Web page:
Second referendum on tap


NAUGATUCK — The borough’s proposed municipal and education budgets are heading to the polls for a second time.

A referendum on the budgets is Sept. 22 from 6 a.m. to 8 p.m. Voting will take place at the former train station, 195 Water St.

The proposed budget for the 2015-16 fiscal year, which started July 1, is $115.26 million. The spending plan is an increase of $2.3 million, or 2 percent, over the 2014-15 budget.

The proposed Board of Education budget is $61.68 million, an increase of $770,651, or about 1.24 percent, from 2014-15. The proposed municipal budget is $53.6 million, an increase of about $1.5 million, or 2.9 percent.

The proposed budget increases the mill rate from 44.27 mills to 45.57 mills, a 2.93 percent increase. The mill rate is the amount of taxes payable on the assessed value of a property.

The municipal and school budgets will be voted on separately. Residents will be asked to vote yes; no, too high; or no, too low on both budgets. At least 15 percent of registered voters need to vote in the referendum for the results to count.

The first budget proposal, a $115.8 million spending plan, was soundly rejected at a referendum in July. Borough officials reduced spending by nearly $525,000 following the first vote.

Controller Bob Butler previously said the town has a policy of allocating for no discretionary expenses until the budget is finally adopted. He said capital items have been put off as well. For example, no new police cruisers have been purchased yet.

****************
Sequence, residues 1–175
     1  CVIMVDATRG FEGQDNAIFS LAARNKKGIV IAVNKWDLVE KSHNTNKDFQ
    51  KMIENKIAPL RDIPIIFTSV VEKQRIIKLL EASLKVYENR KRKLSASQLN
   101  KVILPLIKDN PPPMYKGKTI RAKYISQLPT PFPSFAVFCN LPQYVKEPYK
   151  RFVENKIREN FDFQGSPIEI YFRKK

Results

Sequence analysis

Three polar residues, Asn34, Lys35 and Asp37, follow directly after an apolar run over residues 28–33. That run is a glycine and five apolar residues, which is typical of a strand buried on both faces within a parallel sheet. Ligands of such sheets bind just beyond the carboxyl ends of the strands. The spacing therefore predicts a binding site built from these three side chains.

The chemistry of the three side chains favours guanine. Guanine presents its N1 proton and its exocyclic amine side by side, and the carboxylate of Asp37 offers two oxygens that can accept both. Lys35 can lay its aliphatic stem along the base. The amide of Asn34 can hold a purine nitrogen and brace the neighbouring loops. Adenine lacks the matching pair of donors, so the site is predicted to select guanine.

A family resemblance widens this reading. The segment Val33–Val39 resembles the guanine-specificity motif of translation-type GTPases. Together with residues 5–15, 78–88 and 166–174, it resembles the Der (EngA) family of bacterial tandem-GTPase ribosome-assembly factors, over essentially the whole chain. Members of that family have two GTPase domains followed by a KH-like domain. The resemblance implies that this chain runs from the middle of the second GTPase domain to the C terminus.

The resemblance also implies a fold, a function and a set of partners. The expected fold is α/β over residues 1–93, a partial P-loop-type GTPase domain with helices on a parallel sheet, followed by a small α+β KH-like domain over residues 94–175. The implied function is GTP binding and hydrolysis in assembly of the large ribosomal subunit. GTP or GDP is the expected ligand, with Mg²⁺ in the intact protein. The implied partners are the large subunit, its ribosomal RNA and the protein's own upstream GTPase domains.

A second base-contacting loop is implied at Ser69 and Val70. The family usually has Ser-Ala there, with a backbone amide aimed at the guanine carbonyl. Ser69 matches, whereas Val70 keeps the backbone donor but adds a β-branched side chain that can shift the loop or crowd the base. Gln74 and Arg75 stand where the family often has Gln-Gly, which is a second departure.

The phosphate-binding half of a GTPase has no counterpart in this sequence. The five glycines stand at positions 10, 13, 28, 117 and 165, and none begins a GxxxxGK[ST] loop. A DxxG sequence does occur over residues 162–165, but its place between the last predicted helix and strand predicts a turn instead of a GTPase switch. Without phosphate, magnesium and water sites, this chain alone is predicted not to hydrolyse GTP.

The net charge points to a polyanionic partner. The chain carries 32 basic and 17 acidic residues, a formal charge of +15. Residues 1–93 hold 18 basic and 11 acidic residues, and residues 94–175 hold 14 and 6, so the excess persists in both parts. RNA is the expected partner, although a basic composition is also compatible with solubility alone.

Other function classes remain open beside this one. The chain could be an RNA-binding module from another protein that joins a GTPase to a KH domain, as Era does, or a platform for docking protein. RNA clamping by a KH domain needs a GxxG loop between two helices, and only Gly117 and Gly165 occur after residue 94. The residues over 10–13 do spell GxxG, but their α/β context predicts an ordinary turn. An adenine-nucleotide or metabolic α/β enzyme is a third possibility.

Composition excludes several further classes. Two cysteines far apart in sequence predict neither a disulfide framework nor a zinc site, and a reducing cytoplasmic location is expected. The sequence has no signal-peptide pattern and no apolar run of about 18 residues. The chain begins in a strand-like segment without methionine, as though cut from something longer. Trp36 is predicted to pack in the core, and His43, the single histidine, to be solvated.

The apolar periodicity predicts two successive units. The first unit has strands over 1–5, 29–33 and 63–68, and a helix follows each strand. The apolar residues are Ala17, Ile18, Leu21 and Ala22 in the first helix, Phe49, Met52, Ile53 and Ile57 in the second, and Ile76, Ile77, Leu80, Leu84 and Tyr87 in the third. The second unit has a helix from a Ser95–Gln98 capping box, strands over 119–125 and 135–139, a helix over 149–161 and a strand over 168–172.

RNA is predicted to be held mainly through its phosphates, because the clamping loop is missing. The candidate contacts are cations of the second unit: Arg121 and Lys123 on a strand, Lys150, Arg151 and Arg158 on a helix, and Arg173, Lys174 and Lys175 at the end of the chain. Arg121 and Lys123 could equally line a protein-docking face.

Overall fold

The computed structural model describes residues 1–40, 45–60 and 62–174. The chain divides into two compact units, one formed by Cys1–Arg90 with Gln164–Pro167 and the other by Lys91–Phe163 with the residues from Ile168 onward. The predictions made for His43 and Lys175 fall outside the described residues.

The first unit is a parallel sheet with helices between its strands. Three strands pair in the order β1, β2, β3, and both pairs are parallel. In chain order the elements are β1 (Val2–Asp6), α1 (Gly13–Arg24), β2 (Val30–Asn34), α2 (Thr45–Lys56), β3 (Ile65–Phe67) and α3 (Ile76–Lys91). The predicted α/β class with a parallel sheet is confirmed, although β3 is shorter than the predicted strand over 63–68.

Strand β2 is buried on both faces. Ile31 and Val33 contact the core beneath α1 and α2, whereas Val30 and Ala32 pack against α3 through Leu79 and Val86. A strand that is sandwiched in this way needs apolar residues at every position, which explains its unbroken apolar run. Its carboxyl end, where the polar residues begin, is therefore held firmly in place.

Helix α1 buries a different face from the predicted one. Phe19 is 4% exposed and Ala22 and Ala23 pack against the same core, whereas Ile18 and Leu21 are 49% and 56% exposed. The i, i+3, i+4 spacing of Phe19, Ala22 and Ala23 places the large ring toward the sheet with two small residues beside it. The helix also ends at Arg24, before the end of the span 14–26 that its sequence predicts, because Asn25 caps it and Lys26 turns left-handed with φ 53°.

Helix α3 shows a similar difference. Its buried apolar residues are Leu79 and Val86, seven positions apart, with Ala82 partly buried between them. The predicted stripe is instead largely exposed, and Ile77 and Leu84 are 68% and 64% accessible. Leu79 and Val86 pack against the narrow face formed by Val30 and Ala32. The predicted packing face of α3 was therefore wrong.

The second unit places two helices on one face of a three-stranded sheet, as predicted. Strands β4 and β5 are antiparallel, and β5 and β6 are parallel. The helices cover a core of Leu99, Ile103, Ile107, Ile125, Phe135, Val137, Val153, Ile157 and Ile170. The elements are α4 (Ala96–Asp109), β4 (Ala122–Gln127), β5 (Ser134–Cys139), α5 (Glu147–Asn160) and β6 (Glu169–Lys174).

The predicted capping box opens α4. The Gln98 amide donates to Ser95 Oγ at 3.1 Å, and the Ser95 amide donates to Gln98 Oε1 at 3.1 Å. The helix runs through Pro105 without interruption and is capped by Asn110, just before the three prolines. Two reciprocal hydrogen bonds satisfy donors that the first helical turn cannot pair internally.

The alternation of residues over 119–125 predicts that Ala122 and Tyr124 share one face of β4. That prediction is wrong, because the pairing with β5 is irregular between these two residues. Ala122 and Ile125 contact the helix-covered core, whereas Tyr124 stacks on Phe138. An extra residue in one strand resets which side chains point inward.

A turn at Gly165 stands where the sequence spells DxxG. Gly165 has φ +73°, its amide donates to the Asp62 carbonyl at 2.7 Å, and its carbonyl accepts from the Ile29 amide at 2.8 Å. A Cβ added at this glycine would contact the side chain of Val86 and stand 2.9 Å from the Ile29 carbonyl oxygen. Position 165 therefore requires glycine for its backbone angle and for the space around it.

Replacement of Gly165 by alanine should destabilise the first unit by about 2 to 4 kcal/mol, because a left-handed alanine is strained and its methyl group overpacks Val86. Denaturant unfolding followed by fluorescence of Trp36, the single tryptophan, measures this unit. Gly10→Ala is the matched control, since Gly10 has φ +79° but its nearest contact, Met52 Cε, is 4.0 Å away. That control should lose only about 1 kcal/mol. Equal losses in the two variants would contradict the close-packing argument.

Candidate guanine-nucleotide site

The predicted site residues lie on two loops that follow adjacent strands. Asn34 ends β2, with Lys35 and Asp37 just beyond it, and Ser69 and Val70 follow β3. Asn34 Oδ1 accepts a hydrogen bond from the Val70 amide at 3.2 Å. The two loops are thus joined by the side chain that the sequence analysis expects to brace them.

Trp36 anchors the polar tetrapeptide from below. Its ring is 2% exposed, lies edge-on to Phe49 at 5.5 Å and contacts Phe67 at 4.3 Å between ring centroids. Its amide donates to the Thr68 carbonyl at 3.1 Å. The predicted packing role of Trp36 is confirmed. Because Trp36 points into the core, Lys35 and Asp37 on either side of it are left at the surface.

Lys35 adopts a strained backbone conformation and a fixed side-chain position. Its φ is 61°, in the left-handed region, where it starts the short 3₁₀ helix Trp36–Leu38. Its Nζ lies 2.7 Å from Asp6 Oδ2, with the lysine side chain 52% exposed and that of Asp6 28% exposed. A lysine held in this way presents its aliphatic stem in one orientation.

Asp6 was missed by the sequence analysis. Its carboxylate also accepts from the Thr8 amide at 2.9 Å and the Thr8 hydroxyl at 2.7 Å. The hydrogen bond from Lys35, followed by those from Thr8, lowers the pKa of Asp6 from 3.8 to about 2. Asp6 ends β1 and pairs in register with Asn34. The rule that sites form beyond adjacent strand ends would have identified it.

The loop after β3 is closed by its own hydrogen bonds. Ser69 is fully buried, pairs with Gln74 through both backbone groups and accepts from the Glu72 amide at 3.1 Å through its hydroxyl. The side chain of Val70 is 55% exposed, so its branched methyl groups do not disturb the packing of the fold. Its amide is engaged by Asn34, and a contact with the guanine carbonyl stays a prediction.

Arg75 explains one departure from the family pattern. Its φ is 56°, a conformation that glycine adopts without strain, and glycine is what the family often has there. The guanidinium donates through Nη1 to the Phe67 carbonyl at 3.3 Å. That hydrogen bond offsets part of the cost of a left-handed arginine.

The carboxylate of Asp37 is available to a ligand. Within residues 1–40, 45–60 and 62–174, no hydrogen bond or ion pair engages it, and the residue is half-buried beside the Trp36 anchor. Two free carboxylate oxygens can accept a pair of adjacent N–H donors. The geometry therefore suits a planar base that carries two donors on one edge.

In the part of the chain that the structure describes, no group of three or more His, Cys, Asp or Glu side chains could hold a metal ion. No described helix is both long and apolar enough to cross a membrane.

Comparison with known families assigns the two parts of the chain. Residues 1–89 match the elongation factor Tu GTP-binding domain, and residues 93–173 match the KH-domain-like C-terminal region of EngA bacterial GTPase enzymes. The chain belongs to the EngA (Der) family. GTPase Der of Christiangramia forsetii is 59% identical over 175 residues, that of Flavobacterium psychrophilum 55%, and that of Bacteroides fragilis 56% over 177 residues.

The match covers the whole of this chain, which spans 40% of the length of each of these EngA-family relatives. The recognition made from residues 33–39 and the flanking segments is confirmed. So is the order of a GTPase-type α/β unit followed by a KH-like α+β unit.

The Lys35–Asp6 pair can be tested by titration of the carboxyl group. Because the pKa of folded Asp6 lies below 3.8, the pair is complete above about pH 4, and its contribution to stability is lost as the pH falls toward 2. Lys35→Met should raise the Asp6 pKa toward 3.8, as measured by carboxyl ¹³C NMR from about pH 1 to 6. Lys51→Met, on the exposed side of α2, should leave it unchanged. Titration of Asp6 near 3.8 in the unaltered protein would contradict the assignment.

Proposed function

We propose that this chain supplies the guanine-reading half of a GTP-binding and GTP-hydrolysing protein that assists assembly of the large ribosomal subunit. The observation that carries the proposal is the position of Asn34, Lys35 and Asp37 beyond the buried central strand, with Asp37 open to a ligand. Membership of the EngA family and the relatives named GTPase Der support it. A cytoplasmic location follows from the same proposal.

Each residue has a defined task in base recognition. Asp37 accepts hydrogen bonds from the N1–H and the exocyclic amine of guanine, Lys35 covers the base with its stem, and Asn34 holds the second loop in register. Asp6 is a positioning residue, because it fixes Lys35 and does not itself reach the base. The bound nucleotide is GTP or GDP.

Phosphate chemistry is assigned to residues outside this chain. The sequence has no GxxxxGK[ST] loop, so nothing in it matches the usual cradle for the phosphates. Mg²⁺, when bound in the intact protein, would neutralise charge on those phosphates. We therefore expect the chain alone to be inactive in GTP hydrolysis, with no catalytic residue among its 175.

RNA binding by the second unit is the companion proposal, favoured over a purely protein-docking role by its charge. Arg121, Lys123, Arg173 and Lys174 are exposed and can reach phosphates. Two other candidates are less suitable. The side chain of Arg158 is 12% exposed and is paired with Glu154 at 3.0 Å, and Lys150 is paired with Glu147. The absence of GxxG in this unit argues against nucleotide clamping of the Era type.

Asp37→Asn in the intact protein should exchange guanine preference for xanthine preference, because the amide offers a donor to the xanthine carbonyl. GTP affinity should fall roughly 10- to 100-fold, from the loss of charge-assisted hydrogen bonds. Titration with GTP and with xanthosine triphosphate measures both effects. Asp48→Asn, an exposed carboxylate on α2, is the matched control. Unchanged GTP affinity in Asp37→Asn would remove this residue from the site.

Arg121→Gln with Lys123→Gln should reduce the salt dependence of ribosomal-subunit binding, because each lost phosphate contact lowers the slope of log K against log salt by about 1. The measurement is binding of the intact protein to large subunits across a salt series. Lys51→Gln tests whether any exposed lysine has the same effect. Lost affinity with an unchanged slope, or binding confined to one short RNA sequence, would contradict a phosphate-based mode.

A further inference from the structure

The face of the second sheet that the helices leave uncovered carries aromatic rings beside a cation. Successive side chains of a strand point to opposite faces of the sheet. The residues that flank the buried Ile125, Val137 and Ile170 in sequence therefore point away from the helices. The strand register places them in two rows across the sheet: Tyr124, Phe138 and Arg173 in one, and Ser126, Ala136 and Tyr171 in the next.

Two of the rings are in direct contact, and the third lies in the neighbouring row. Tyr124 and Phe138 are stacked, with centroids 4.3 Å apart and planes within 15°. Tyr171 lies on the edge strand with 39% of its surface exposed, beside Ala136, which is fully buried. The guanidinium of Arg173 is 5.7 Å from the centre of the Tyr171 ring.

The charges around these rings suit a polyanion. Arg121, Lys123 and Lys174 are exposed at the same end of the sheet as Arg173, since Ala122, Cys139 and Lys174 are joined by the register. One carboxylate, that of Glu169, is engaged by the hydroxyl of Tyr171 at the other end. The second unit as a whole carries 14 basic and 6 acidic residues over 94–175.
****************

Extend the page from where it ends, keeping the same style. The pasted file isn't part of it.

The ongoing referendum process is also having an impact on the schools.

Superintendent of Schools Sharon Locke said the Board of Education has only released 50 percent of the supply funds to the schools in anticipation of the upcoming referendum.

Locke said the impact is currently minimal since the school year recently began, but it could become a larger problem if the budget fails at the referendum next week and is reduced further.

“Hopefully, when the budget gets passed, we will be able to release the rest,” Locke said.

If the budget fails at next week’s referendum the Joint Boards of Finance and Mayor and Burgesses would present a third budget on Sept. 24. That budget would go to a public hearing on Sept. 28 and be adopted on Oct. 1.

The budgets can be forced to a third referendum through petitions. However, if they fail for a third time, the Charter states, any budget approved by officials after the vote becomes final.